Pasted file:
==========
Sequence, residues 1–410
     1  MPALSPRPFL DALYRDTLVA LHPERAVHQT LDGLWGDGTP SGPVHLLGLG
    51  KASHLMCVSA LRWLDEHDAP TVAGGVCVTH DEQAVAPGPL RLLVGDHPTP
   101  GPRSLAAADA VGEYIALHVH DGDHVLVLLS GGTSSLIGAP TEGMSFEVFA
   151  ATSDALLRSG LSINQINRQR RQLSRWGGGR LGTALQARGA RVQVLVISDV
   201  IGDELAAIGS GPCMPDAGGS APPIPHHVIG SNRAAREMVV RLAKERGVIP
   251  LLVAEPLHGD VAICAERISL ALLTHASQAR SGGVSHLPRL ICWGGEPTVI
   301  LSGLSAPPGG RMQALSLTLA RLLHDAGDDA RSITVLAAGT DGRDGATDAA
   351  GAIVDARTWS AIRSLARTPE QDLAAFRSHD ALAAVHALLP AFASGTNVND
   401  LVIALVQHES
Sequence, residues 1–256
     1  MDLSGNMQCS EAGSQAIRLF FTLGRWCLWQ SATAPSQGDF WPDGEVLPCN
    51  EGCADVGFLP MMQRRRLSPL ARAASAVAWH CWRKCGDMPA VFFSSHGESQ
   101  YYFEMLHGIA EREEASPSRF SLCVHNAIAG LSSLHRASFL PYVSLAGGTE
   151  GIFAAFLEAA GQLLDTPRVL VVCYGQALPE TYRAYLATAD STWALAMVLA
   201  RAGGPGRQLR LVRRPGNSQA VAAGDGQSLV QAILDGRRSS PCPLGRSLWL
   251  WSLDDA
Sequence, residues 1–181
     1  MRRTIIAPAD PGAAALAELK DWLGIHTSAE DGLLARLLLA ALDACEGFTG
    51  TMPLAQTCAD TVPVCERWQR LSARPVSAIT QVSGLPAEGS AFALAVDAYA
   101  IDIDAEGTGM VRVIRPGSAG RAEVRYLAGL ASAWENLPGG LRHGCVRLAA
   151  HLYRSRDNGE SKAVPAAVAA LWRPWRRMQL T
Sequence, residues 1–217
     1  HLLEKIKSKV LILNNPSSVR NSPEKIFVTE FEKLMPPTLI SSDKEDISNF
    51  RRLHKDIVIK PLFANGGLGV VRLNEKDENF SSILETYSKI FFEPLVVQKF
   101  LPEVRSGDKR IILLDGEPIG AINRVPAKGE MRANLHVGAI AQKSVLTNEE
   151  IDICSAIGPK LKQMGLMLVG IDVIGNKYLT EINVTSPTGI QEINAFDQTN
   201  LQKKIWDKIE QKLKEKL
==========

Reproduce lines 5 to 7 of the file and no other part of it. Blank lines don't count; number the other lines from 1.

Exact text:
   151  ATSDALLRSG LSINQINRQR RQLSRWGGGR LGTALQARGA RVQVLVISDV
   201  IGDELAAIGS GPCMPDAGGS APPIPHHVIG SNRAAREMVV RLAKERGVIP
   251  LLVAEPLHGD VAICAERISL ALLTHASQAR SGGVSHLPRL ICWGGEPTVI